My National Digital Stewardship residency involves conducting a comprehensive assessment of existing state publications, assessing how other state libraries and archives handle this challenge and establishing best practices and procedures for the preservation and accessibility of electronic state publications at the State Library. In this post, I’ll cover how we’ve approached this project, as well as our next steps.

State agencies publish thousands of documents for the public, and a legal mandate requires that they send this content to the library for preservation. Unfortunately this is a rare occurrence, leaving library staff to retrieve content using various other methods. The staff relies on a homegrown web crawler to capture publications from agency websites, but they also comb through individual agency pages and check social media and the news to spot mentions of agency publications.

Creative as these approaches may be, they do not form a sustainable practice for handling the large amounts of content that agencies produce. Before establishing a better workflow however, the library needed to get a better understanding of how much material is published, what kinds of material are published and how best to capture these materials for long-term access and preservation. Having this data, we can then begin to build an effective digital preservation program.

The State Library today after a complete renovation. Photo by Stefanie Ramsay.

At the beginning of my residency, we began using web statistics collected from the Massachusetts governments’ main portal, Mass.gov. The statistics show publications requested by users of the site per month. Having the URL allows us to see where these are posted and to ascertain the types of documents agencies are publishing.

We found a wide range of documents, such as annual reports, meeting materials, Executive Orders, and my personal favorite, a guide to resolving conflict between people and beavers.

After categorizing the content, we needed to narrow down a collection scope. Rather than attempting to capture every publication, I thought it best to define what types of documents are most valuable to the staff and library users and to focus our efforts on those documents (which is not to say that the lower priority items will be ignored, but that the higher priority items will be handled first, then we will develop a plan for the rest). To determine what documents were high and low priorities, we implemented a ranking process.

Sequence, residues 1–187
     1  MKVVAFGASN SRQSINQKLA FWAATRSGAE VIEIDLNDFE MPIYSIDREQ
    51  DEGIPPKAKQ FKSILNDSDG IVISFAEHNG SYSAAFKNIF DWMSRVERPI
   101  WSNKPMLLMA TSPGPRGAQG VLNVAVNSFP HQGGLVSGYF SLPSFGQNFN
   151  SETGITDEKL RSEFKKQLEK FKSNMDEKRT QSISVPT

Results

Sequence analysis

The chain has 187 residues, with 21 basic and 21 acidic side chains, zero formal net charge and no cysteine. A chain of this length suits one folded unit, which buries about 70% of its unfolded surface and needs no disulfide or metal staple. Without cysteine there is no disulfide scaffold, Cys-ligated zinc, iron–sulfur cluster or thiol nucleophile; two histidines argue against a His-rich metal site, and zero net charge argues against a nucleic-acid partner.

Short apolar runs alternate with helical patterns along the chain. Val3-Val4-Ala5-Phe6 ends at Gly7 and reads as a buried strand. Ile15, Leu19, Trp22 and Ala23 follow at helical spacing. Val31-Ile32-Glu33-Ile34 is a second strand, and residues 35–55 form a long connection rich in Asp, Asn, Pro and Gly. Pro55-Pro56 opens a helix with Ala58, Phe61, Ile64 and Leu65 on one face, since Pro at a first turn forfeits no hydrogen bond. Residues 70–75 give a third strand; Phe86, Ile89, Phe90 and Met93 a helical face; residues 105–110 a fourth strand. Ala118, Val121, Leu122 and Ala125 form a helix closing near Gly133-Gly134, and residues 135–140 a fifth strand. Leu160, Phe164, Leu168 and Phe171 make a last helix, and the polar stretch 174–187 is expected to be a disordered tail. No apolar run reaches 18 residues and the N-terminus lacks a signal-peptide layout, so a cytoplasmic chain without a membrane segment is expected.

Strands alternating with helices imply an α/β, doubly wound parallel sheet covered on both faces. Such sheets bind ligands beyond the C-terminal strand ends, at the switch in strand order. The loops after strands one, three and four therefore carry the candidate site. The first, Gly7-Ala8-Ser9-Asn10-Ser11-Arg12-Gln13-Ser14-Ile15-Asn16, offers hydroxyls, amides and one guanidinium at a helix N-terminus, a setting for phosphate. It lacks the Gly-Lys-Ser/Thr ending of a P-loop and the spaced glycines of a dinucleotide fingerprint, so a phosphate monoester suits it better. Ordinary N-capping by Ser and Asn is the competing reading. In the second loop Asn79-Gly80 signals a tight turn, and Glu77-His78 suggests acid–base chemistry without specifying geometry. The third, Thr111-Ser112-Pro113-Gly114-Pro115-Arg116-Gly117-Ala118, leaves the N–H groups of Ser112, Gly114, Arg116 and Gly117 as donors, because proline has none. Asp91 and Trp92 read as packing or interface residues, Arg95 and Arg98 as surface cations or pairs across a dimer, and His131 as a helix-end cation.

Each staff member ranked the publications for individual agencies on a scale of 1-5 (1 being lowest priority, 5 being highest) on shared spreadsheets, and our collective averages started to filter what was most valuable. Documents such as reports, project documents and topical issues rose to the top, while items such as draft reports, requests for proposals and ephemeral information sunk to the low priority tier.

This process formed the basis of our collection policy statement to be used as a guide when identifying and selecting content for ingestion. This statement is regularly updated as we continue to determine our priorities. We also began collecting metrics on the total number of documents captured by the statistics and the number of documents that fell into each priority tier. This gives us a sense of the bigger picture of not only the amount of content, but how much needs to be handled quickly and forms the basis of an argument for increased resources.

This issue is not unique to Massachusetts; every state library has a mandate to capture state government information and every state takes a different approach based on their resources, staff expertise, and constituents. In my research of how other state libraries and archives handle this mandate, one common thread emerged: at least 24 states use Archive-It as a means for capturing digital content. I was eager to investigate this, as I hoped it could be another resource for Massachusetts to use as well.

The IT department of the Executive Branch of Massachusetts state government, MassIT, has an Archive-It account and has crawled Mass.gov since 2008. Though the account was publicly available, MassIT had not advertised the site, as their focus was on ensuring capture of content rather than accessibility. Seizing this opportunity for collaboration, we reached out to MassIT, who granted us access to the site. We worked together to customize the metadata and I wrote some language for the library’s website that provided instructions for our patrons on how to use Archive-It to access state publications.

The State Library stacks. Courtesy of the State Library of Massachusetts.

Our situation is a bit different in that we do not exclusively maintain the Archive-It account. However, we are using this resource in a similar way to many other state libraries and archives. Archive-It will not be our main repository for accessing state publications– the library has a DSpace digital repository that has been in place since 2006 and will continue to be our central portal for providing enhanced access to high priority publications.

Archive-It will act as a service for crawling Mass.gov, thereby ensuring the capture of more documents than we could hope to collect on our own and allowing us another means of finding material we may not have captured in the past. Using the two in concert goes a long way towards meeting the legal mandate.

With just a few months left in the residency, there is still much work to be done. We’re testing a workflow for batch downloading PDFs using a Firefox add-on called DownThemAll!, investigating how to streamline the cataloging process and conducting outreach efforts to state agencies.

Outreach is crucial in raising awareness of the library’s resources and services, as well as in reminding agencies about that pesky law regarding their publications. These steps form the foundation of a more sustainable digital preservation program at the State Library.